It is interesting that when he first came to the NBA, he had turned down the Spurs because he would have been buried behind several other assistant coaches (Mike Budenholzer and Don Newman). In addition, he had turned down the Raptors, Nets and Kings beforehand.
As it was mentioned above, his first stint came under Mike Brown and the Los Angeles Lakers. After one season, he went back to CSKA Moscow and stayed there for several seasons; however, it was reported that the Lakers considered Messina for their head coach once Mike D'Antoni resigned.
Now, having fulfilled his self-designated quota, Dell Demps might have a golden opportunity before him. Messina is a high demand coach but is very selective, picking assignments that will not only propel his career forward but seemingly only with relevant ball clubs.
Just several weeks ago, it was rumored Messina was on the Oklahoma City Thunder's list, but Sam Presti ended up choosing Billy Donovan. For Demps, the choice to look away from Messina might prove more difficult.
- Demps is considered to be a worldly individual. He has played professional basketball on three continents (Asia, Europe and South America), and during his M.B.A. studies, he even elected to study abroad.
- The New Orleans current general manager takes great pride in his scouting network. With all of his relationships he's formed overseas, Demps wealth of contacts have been responsible for unearthing players like Gustavo Ayon, Brian Roberts, Luke Babbitt and Alexis Ajinca. If the Pelicans were to hire Messina, his network would strengthen and grow that much more.
- Demps is a huge disciple of the Spurs Way. He mimicked their methods in the D-League with the Austin Toros and it appears he's doing the same thing in New Orleans. He undoubtedly would prefer signing a coach who shares and understands the same principles. The following excerpt, taken straight from Messina's blog, echoes what has inspired him in San Antonio.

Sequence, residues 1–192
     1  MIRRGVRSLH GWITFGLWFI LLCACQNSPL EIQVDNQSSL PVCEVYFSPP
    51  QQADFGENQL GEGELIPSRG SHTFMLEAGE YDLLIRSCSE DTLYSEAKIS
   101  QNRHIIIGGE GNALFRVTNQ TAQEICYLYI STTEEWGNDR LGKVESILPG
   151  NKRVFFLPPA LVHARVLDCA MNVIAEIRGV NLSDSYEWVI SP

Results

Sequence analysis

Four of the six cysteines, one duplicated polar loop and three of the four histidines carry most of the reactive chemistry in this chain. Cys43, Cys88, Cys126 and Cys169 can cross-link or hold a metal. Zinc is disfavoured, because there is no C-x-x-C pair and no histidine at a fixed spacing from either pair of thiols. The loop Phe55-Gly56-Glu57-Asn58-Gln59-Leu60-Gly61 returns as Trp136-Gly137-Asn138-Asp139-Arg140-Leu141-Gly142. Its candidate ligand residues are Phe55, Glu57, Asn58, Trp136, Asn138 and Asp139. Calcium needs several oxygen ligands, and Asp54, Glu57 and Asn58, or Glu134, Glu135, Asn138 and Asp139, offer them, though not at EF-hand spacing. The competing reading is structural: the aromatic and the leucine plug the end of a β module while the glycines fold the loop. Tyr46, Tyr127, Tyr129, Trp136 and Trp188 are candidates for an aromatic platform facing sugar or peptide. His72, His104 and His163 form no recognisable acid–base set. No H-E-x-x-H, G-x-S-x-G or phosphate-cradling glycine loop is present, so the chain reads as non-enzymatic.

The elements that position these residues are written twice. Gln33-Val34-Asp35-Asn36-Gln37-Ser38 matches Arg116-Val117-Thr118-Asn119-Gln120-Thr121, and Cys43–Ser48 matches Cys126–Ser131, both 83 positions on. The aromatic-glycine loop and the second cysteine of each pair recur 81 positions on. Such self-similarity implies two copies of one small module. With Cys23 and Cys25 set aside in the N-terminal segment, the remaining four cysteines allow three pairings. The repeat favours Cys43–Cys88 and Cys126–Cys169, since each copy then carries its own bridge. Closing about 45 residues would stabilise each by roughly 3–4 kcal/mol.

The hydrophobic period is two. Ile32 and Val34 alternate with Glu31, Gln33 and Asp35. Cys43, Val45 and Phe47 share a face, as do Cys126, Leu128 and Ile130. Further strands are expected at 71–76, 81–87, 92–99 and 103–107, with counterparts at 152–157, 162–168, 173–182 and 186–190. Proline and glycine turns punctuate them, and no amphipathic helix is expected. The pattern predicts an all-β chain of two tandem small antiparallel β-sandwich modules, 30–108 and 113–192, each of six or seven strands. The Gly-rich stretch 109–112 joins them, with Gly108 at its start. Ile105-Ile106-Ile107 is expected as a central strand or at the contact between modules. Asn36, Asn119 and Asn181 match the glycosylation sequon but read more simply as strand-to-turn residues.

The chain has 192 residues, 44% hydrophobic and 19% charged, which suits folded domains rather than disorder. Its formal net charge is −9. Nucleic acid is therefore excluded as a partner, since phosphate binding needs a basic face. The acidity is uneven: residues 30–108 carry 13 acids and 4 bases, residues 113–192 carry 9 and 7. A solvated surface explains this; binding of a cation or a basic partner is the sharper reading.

"He took an international course and went to Santiago, Chile, to study. One of the visits was to the telecom company in Santiago that was completely paperless. I think that was pretty influential on him about how he wanted to improve his efficiency and effectiveness to be really productive."
The Spurs do things together. There’s a lot of respect for everybody, and everybody is expected to give his or her opinion and help the group. It’s a unique philosophy of working together and facing adversity together as well. Coach Popovich has this rare ability to combine his demanding nature with the most sincere care for everyone within the organization. Players, management, coaches, doctors, physiotherapists – he cares about all of them. And that makes everyone proud to be a part of the organization. This is family first, basketball club second.
Also, one of the biggest things in coach Popovich’s philosophy is the "we can’t skip any steps" principle. It means there’s time and place for every process. You always start from the basics here and then go on to the most intricate things. At the beginning of the training camp we went over the fundamentals of offense and defense. Passing, catching, pivoting, sliding, moving without the ball – it was as if we were a junior team. That’s one of the major messages coach Popovich sends out to his players: techniques are much more important than tactics. You have to master the fundamentals and then you need the desire to compete every day, meaning that every day you have to come in ready to play.
However, the most appealing facet of Messina for the Pelicans has to be his brilliant basketball mind. Did you know that Mike Brown flew to Italy back when he was coaching LeBron James and was looking for input to improve the Cavalier's offense? Or, how about the fact that Popovich was eager to learn from Messina once the Spurs hired him?